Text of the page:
I didn't get to see any herons on this particular walk, but I noticed for the first time five close neighbor large nests in the tops of the trees on the opposite side of the South Platte River. I chuckled as I remembered my rookery research seven or eight years ago after seeing a heronry for the first time. The Lizard and I had been camping in the Cimarron area and spied about 15 nests similarly close together high atop tall trees.
It seems the male herons rob sticks and twigs from their neighbors' nests as they attempt to woo the females. (Herons do not mate for life.) It appears the males build their homes close together so they can easily borrow each other's construction materials, sometimes back and forth many times before eggs are actually laid. We had witnessed such behavior and couldn't believe this odd nest bartering was really happening!
Now I have a closer venue in which to enjoy the heron mating season. I do plan many photographic outings along the river, as it is one of my favorite segments of my 60-mile round trip cycling work commute, when I am able to ride. My husband and I recently came up with an improvised plan for me to begin training for Ride the Rockies (assuming we are drawn this Friday) even though a segment of my route is still plagued by nailed and screwed construction. I won't have to skip the greenway! I may even get a few extra miles in the process.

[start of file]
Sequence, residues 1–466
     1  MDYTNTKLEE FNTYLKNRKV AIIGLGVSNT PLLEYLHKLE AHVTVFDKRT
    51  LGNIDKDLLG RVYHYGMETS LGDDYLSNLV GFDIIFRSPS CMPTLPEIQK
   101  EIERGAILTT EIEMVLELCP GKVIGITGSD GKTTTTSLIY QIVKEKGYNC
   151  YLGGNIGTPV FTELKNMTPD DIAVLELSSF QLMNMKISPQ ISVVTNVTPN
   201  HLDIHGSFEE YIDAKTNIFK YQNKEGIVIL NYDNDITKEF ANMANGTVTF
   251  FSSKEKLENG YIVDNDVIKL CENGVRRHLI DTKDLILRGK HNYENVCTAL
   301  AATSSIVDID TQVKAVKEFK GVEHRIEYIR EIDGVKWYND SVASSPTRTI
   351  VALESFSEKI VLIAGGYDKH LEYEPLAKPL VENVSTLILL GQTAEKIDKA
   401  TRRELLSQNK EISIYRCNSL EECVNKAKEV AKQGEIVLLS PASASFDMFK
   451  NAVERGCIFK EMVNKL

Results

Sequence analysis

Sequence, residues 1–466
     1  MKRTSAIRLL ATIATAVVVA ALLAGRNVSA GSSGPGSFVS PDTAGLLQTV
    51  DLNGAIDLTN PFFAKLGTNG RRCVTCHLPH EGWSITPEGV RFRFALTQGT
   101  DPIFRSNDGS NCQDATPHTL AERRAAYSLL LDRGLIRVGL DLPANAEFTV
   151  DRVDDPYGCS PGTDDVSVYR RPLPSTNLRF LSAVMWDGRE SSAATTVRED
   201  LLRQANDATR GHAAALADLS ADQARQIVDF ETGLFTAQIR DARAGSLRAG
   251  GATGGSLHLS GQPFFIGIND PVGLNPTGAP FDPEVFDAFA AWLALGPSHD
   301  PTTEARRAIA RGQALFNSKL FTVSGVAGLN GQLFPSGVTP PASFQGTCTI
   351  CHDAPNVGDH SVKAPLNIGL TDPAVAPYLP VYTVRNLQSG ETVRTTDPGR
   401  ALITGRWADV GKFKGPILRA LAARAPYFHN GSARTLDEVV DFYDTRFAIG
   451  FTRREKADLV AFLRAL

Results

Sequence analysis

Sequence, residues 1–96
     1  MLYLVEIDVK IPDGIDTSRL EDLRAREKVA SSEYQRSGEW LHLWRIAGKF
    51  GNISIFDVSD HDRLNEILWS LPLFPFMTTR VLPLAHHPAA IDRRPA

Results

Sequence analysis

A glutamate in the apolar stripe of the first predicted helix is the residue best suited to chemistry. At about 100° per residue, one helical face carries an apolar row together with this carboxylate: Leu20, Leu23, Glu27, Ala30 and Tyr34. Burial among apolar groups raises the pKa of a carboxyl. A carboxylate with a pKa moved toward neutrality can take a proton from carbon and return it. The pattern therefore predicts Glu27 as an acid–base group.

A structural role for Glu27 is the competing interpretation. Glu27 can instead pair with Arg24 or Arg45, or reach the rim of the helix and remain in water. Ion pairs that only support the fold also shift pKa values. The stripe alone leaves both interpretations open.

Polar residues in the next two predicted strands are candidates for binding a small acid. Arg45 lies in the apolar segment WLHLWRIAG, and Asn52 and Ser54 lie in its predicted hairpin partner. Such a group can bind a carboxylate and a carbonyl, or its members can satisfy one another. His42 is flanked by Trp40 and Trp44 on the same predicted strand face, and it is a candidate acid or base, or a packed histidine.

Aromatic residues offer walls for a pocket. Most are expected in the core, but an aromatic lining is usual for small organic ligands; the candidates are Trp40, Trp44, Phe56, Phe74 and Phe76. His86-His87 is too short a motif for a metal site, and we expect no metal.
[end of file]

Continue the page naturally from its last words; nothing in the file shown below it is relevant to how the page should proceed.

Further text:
The newly discovered rookery/heronry is very exciting for me because I've already captured some magnificent shots in this very area. It's not as easy to see the nests when the trees are in full leaf!
These photos hold some great memories of warmer times, but they also inspire hope that my next South Platte outing might be a little more photographically rewarding. I'm not complaining at all. It was a very joyful way to spend an early morning when I can't be with the one I love. And hey, I logged some Charity Miles to boot!